Nicola and I wanted to feel like we were on a ship. It was our first (and thus far, last) cruise, and we wanted all the romantic, traditional aspects that a cruise could offer. To feel the ocean beneath us, to stroll on teak-laid promenades and to escape from constant noise, activity and cheerfulness. On the Spirit, we soon ran out of things to do on board, and that suited us just fine. When we weren’t ashore, we’d turn to reading a book, either inside, with a beautiful view from one of the lounge windows, or on deck, huddled beneath a blanket on a sun-lounger. It was absolute bliss. And, that all-pervading mechanical rhythm criticised by Berlitz became a defining part of the experience. The ship felt alive. A comforting reminder that there were things going on below that would take us places. This may seem like the sentimental babbling of a lunatic, but Spirit felt human. A ship for people who like being on a ship. It’s no surprise to me that she enjoys such loyalty among guests, with many repeat visits — but alas not enough keep her from the breaker’s yard.

Just as too few people demand simple cars with a manual gearbox, an absent infotainment screen and a bias away from glitziness and towards tactility, society’s hunger for constant entertainment and endless amenity means cruise ships are getting bigger and more horrible. And, while car manufacturers may pay lip service to enthusiasts — BMW by offering the M2 Competition, for example — their radar is sure to be tracking the demands of the mainstream, who, ultimately, line the coffers with sales of bread and butter models that leave many of us cold. ‘Traditional’ cruise ships are disappearing because they just don’t turn over as many bucks as a water-borne condominium might. Such vessels are the ‘white SUV on finance’ of the vacation world. ‘Everybody’ wants one.
The final tragedy when Mare S hits the beach is this: All the finery that created such a relaxing, contented feeling — the acres of lush carpet, the handsome teak decking, the cabin woodwork, everything whose purpose was cosmetic rather than functional or structural — will likely be thrown away. Destroyed, and not even recycled. Just as when a car hits the crusher, it’ll probably be consumed seats ‘n all. Unless intercepted by a junkyard shopper — and such people are certainly thinning out markedly in the UK — the stereo, the window switches, the column stalks, the instrument cluster, the carpets, seats, sunroof, door trims, everything the car’s occupants interact with during a journey, and everything that makes the car what it is to travel in, will be reduced to garbage. The major mechanical units may be removed for resale, but even that’s not a given. For the poor old Spirit, just like any end of life car, the money is in the metal.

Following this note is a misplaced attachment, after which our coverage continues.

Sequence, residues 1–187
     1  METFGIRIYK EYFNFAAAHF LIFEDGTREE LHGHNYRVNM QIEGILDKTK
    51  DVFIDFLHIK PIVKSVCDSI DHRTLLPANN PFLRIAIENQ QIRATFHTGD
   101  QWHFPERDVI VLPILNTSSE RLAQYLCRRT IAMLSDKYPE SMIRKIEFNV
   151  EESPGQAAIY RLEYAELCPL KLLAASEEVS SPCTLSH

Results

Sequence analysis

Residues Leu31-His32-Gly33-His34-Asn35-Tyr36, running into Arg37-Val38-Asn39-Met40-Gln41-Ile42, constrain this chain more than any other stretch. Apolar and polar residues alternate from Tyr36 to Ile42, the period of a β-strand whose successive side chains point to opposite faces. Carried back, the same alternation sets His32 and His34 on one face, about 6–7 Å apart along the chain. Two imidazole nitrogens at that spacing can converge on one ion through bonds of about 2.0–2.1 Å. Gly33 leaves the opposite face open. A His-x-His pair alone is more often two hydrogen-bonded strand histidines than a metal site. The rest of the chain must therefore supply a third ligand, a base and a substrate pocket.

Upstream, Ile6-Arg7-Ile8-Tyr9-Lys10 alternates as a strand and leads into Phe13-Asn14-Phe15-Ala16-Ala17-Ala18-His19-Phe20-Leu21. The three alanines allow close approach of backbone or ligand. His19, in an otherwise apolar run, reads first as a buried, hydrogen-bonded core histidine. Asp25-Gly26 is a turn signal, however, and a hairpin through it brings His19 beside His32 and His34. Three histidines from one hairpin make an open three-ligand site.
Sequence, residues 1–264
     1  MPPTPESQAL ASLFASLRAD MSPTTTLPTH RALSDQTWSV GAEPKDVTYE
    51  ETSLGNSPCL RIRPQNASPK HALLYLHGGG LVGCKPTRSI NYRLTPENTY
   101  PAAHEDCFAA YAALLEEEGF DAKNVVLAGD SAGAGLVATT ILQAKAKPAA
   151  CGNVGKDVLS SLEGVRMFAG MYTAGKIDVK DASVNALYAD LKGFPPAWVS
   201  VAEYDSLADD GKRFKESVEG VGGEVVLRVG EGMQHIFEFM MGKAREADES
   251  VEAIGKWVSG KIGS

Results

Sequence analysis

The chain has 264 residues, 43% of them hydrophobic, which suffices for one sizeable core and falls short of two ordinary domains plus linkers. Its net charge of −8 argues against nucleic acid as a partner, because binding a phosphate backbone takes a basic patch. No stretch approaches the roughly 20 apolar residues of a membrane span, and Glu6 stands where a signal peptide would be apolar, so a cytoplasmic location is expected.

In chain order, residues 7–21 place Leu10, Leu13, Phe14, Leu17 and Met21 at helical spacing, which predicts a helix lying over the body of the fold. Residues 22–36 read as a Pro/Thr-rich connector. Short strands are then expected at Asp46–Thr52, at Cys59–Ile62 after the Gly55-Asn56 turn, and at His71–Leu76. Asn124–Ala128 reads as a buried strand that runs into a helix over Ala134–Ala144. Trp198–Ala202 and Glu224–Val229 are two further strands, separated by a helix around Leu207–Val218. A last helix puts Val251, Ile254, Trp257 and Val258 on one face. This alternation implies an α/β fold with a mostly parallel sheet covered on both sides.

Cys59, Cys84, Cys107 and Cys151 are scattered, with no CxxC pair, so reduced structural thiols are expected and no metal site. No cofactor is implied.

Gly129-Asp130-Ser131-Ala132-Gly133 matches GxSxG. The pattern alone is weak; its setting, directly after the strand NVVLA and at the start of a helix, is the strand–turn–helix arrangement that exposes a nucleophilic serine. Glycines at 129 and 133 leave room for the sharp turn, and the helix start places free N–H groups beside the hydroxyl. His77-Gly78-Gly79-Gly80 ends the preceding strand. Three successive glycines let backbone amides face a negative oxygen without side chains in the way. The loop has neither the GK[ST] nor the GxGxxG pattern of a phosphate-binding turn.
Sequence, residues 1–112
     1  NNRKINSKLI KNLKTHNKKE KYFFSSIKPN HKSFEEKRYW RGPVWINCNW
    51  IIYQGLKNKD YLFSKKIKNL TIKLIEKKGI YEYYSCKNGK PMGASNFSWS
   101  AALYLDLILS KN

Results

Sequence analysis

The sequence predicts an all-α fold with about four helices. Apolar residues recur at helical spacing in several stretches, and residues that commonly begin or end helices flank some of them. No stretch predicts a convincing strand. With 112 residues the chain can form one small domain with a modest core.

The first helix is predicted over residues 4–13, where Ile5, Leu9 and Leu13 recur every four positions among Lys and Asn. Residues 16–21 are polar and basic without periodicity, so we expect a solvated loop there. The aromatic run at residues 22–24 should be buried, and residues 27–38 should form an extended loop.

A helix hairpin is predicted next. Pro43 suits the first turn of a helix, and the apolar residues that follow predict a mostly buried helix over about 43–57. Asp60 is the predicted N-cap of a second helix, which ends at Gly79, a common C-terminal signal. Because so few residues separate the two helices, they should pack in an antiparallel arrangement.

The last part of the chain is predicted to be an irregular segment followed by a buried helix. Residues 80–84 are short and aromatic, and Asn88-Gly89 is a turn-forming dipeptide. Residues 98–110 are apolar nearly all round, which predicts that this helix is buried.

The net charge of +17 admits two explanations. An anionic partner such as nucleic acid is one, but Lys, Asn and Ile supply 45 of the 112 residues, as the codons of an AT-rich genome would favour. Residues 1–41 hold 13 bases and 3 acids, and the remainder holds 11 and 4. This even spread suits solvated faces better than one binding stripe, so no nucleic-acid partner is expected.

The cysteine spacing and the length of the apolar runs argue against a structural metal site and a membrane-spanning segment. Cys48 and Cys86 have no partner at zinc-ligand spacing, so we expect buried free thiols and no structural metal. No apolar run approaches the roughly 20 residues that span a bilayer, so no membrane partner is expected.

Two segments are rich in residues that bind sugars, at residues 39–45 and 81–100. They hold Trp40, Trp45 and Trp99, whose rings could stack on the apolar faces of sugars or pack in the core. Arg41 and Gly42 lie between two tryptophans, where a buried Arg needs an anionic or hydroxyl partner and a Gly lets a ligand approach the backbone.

Like it or not, that sleek machine on your drive will, one day, be condemned to the same fate. The colossal new cruise ships that blight the oceans today? Just the same. One day, they’ll follow the Spirit onto the beach of doom. Both your car and that ship might be the right machine for the moment, but time seems to be accelerating away, and one day both will give way to the next big thing.
(All images copyright Chris Haining / Hooniverse 2018)

By |2018-11-12T08:00:48+00:00November 12th, 2018|All Things Hoon, Motorboat Monday|18 Comments

About the Author:

RoadworkUK is the online persona of Gianni Hirsch, a tall, awkward gentleman with a home office full of gently decomposing paper and a garage full of worthless scrap metal. He lives in the village of Moistly, which is a safe distance from London and is surrounded by enough water and scenery to be interesting. In another life, he has designed, sold, worked on and written about cars in exchange for small quantities of money.